9621: 
 9622: Locals can be defined with
 9623: 
 9624: @example
 9625: @{ local1 local2 ... -- comment @}
 9626: @end example
 9627: or
 9628: @example
 9629: @{ local1 local2 ... @}
 9630: @end example
 9631: 
 9632: E.g.,
 9633: @example
 9634: : max @{ n1 n2 -- n3 @}
 9635:  n1 n2 > if
 9636:    n1
 9637:  else
 9638:    n2
 9639:  endif ;
 9640: @end example
 9641: 
 9642: The similarity of locals definitions with stack comments is intended. A
 9643: locals definition often replaces the stack comment of a word. The order
 9644: of the locals corresponds to the order in a stack comment and everything
 9645: after the @code{--} is really a comment.
 9646: 
 9647: This similarity has one disadvantage: It is too easy to confuse locals
 9648: declarations with stack comments, causing bugs and making them hard to
 9649: find. However, this problem can be avoided by appropriate coding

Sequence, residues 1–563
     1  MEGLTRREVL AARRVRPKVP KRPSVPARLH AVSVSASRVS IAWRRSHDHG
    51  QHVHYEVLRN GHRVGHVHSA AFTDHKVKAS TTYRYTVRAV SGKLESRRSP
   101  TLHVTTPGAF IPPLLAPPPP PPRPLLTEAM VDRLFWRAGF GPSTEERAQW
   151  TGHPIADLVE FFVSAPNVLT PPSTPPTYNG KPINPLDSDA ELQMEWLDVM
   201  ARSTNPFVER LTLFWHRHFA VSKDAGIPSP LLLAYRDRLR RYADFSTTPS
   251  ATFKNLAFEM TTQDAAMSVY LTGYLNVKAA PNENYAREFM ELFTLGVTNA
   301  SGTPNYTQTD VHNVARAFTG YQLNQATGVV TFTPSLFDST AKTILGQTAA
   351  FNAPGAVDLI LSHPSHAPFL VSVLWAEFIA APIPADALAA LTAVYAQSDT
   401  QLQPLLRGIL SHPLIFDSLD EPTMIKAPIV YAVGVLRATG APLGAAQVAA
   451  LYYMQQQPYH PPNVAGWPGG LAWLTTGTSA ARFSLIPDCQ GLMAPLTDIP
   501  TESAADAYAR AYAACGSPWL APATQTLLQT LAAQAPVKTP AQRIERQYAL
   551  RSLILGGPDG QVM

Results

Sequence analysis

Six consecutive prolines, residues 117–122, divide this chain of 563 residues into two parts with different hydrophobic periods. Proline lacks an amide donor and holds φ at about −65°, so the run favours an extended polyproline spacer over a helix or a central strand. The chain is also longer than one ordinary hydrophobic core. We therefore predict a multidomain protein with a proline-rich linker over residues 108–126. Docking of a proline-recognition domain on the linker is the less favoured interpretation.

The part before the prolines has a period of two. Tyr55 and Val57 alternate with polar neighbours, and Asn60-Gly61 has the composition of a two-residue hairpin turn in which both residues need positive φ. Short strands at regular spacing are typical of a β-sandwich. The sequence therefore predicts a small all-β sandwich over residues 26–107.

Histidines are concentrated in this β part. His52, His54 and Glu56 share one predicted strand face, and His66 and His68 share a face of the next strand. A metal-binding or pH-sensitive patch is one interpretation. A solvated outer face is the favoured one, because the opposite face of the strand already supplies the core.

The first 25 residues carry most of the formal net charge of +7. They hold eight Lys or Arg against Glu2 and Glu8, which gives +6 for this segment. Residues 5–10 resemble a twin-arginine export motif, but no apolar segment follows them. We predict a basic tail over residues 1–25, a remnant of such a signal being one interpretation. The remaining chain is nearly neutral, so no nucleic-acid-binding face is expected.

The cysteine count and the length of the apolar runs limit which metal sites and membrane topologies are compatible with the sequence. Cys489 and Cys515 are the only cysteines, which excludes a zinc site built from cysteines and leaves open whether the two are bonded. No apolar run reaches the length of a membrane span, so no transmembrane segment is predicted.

9650: conventions: Do not use both notations in the same program. If you do,
 9651: they should be distinguished using additional means, e.g. by position.
 9652: 
 9653: @cindex types of locals
 9654: @cindex locals types
 9655: The name of the local may be preceded by a type specifier, e.g.,
 9656: @code{F:} for a floating point value:
 9657: 
 9658: @example
 9659: : CX* @{ F: Ar F: Ai F: Br F: Bi -- Cr Ci @}
 9660: \ complex multiplication
 9661:  Ar Br f* Ai Bi f* f-
 9662:  Ar Bi f* Ai Br f* f+ ;
 9663: @end example
 9664: 
 9665: @cindex flavours of locals
 9666: @cindex locals flavours
 9667: @cindex value-flavoured locals
 9668: @cindex variable-flavoured locals
 9669: Gforth currently supports cells (@code{W:}, @code{W^}), doubles
 9670: (@code{D:}, @code{D^}), floats (@code{F:}, @code{F^}) and characters
 9671: (@code{C:}, @code{C^}) in two flavours: a value-flavoured local (defined